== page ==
John Wycliffe and the Lollards
The Lollards were a pre Reformation group who followed John Wycliffe. John Wycliffe (1320-1384) was a theologian and early proponent of reform in the Roman Catholic Church during the 14th century. He initiated the first translation of the Bible into the English language and is considered the main precursor of the Protestant Reformation. The Lollards urged the development of Bible studies, taught reliance on the Holy Spirit as a guide, and encouraged their members to reach their own decisions on matters of faith rather than accepting ecclesiastical opinions and dogmas. Due to immense wealth and power of the Church during the Middle Ages, John Wycliffe taught that the state had the right to take the property of any clergymen who had become corrupt. He sent out followers called “poor preachers”, who went around the country spreading his views. His overall concern was to see the church imitate the life of Christ more clearly, with a life of a poverty and simplicity. Later he also taught that God’s true Church consists of God's chosen people and that there was no need of a priest for mediation between them and God. In an article that I recently read, it was noted that Wycliffe and his followers believed the Church to be the totality of those who are predestined to blessedness, including the Church triumphant in heaven and the Church militant or men on earth. The article also noted that No one who is eternally lost can have any part in the Church and that the Church, whose head is Jesus Christ (not a pope), is one universal church with no salvation outside of it. After Wycliffe’s death, the Lollards increased in number and in the 16th century they merged with the Protestants. ( www.anabaptistnetwork.com/book/export/html/28. The Lollards. Stuart MurrayWilliams.). This group rejected superstition, doctrines such as transubstantiation, (transubstantiation was regarded as a recent and perverted development...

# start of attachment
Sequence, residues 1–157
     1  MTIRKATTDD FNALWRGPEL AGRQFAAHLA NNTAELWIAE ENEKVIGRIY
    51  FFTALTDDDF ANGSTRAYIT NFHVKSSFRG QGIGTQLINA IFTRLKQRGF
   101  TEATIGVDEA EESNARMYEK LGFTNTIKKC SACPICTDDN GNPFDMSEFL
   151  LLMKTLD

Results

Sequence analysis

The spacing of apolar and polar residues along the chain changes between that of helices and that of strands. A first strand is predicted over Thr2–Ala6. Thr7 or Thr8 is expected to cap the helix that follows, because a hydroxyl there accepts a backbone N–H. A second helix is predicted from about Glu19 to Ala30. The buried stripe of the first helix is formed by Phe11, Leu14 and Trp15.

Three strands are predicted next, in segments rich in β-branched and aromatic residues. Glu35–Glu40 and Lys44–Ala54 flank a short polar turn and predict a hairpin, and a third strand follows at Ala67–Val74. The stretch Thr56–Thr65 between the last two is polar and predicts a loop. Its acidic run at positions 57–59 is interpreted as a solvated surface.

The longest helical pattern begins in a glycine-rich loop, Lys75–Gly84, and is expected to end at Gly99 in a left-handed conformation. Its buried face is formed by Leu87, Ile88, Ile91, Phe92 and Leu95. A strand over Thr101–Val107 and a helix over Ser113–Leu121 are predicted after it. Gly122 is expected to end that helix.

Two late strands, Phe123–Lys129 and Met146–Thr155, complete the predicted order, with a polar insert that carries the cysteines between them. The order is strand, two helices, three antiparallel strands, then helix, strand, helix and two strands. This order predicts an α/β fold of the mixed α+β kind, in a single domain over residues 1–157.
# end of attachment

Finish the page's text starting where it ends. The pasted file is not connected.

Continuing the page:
References: www.anabaptistnetwork.com/book/export/html/28. Stuart Murray Williams. The Lollards.
The Holy Bible, New King James Version. Copyright © 1982. Thomas Nelson, Inc.
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